BVI News

Operations tighten at polling stations, no more polling agents per candidate

Supervisor of Elections, Juliette Penn

Political candidates affiliated with a party can no longer assign two or even one polling agent to monitor their individual interests at the polling station on Election Day.

Amendments to the territory’s Election Act now reserves that right for political parties and independent candidates only.

In explaining the amendment at a press conference at Government House on Monday, Permanent Secretary in the Deputy Governor’s Office, Carolyn Stoutt-Igwe said: “Because of the increase in the number of parties that we have now and also the restrictions in some of the polling stations, we have now agreed that political parties will be allowed three agents. But, only two can be in the station at the same time. Independent candidates will continue to have two but again only one can be in the station at one given time.”

“In the past, each candidate was allowed at least two but only one could be in the polling station at the same time,” she noted.

These are some of the changes made ahead of the February 25 general elections.

February 21 is advanced polling day, who is eligible?

The territory, in the meantime, will have advanced polling on February 21 from 9 am to 2 pm.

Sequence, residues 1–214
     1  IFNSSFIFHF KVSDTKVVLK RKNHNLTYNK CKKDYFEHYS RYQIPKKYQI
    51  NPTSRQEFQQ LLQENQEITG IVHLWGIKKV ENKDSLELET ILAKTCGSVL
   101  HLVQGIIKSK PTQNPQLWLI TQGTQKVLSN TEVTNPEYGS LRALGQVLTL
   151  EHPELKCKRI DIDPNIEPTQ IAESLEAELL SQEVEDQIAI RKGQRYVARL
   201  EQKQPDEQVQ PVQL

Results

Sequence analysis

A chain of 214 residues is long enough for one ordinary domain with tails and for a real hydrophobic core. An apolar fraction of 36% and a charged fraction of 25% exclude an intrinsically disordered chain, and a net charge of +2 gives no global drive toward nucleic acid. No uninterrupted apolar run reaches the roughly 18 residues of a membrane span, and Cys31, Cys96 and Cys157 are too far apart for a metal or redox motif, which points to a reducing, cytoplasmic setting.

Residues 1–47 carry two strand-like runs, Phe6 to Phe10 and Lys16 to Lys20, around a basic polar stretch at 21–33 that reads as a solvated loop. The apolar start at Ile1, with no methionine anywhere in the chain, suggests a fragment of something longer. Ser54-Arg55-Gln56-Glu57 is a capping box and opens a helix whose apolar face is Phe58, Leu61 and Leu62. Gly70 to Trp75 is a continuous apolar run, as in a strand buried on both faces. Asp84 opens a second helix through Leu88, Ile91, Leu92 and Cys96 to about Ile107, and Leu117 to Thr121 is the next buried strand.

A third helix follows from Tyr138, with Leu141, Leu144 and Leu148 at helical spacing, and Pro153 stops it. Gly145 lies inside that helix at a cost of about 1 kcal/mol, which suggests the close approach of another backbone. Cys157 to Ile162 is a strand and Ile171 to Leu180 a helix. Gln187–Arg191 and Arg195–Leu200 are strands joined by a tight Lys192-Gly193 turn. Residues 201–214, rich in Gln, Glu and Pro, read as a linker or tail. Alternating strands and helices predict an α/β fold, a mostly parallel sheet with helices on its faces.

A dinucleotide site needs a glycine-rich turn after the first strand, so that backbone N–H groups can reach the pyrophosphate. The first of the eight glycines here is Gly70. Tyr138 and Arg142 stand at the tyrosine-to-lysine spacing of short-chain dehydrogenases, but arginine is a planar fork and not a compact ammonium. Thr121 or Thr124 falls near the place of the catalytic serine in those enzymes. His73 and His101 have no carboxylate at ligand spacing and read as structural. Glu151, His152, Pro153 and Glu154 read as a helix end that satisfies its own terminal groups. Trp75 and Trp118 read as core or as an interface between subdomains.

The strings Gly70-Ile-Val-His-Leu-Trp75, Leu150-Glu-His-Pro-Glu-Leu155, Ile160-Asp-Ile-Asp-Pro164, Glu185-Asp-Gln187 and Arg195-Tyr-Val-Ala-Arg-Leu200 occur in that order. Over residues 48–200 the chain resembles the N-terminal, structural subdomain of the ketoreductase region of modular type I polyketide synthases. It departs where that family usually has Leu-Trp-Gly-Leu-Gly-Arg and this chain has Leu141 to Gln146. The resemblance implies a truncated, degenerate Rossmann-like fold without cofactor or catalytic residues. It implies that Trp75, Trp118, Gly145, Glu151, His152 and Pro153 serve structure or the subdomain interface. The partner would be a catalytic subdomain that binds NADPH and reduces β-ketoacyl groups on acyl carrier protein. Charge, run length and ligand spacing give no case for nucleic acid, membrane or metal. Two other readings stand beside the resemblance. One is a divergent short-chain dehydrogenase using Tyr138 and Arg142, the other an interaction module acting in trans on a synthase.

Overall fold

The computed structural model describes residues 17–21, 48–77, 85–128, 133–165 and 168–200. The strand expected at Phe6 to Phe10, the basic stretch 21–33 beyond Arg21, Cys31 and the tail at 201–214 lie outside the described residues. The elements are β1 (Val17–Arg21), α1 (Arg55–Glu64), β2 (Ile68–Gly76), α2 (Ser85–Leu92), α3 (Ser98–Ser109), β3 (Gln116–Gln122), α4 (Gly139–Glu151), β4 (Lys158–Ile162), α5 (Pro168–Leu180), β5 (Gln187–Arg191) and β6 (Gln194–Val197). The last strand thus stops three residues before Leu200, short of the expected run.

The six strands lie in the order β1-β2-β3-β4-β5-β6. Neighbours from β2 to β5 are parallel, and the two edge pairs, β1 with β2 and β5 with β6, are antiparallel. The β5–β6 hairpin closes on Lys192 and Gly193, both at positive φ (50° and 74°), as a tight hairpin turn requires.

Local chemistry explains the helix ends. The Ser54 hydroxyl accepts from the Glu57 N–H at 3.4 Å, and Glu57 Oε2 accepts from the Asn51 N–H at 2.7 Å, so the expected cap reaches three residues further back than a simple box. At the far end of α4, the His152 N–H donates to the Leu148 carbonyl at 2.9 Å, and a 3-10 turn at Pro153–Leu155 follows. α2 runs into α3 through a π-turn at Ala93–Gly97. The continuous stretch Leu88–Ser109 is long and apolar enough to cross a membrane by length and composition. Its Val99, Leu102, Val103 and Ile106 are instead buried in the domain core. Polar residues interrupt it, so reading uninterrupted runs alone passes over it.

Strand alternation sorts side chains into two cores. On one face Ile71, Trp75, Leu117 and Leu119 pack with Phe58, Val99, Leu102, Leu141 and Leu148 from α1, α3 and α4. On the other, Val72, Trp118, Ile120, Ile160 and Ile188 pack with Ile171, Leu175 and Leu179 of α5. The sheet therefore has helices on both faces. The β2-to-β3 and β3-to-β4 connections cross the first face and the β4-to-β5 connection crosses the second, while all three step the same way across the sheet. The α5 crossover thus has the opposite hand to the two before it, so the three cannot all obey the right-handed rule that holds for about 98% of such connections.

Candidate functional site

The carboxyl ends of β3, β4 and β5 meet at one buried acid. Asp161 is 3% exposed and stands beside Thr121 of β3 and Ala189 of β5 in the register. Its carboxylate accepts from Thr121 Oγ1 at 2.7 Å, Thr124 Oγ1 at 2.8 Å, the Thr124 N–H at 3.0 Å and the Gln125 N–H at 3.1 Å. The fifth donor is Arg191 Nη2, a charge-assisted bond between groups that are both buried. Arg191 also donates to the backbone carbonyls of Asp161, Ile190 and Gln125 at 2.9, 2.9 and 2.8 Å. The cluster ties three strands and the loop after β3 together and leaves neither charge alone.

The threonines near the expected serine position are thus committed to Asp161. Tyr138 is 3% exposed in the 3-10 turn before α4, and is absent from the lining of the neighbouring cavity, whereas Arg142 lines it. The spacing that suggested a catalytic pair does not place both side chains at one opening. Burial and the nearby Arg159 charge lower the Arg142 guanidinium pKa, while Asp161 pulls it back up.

Supervisor of Elections Juliette Penn said persons eligible for advanced pollings are the elderly, illiterate persons, sick persons, prison inmates, police officers, election workers and persons who will be travelling on Election Day.

Persons travelling must produce an itinerary showing proof of travel.

More than 14,000 persons have registered to vote for these elections. This figure exceeds the number of register voters in the 2015 General Election.

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  1. strupes says:

    bull shiggidy

    Like 1
    Dislike 2
  2. Georgie says:

    Doesn’t sound tightened too me … headline miss leading

  3. Wolf says:

    People instead of crying wolf, wouldn’t it be better if you do a proper analysis? You alluded to the fact that 1000s left the Territory but do you know how much of those returned and how much of those were expats hence ineligible to vote? Also, were you keeping record of all the young people who turned 18; and all of those who got naturalized within the past 4 years? There are so many factors to take into consideration before jumping to conclusions.
    I stand to be corrected so I need to feel free to do that. I was only trying to help.

  4. Interested says:

    At what age does “elderly “ begin ?

  5. Islander says:

    Prisoners should no vote

    • Shorty says:

      Reading is fundamental prisoners aren’t voting. Individuals who are on REMAND are allowed to vote. Let’s break it down, someone on remand has not yet been convicted of an offence and sentenced to a specified term in prison. They are still innocent until proven guilty in the court of law. There have been persons who were awaiting trial on remand and boom released without further charge no criminal record because they were not convicted of anything. They were just being housed at HMP without bail in until their court date for trial due to the seriousness of the allegations. It is the same as if they were out on bail pending their trail they would be eligible to vote.

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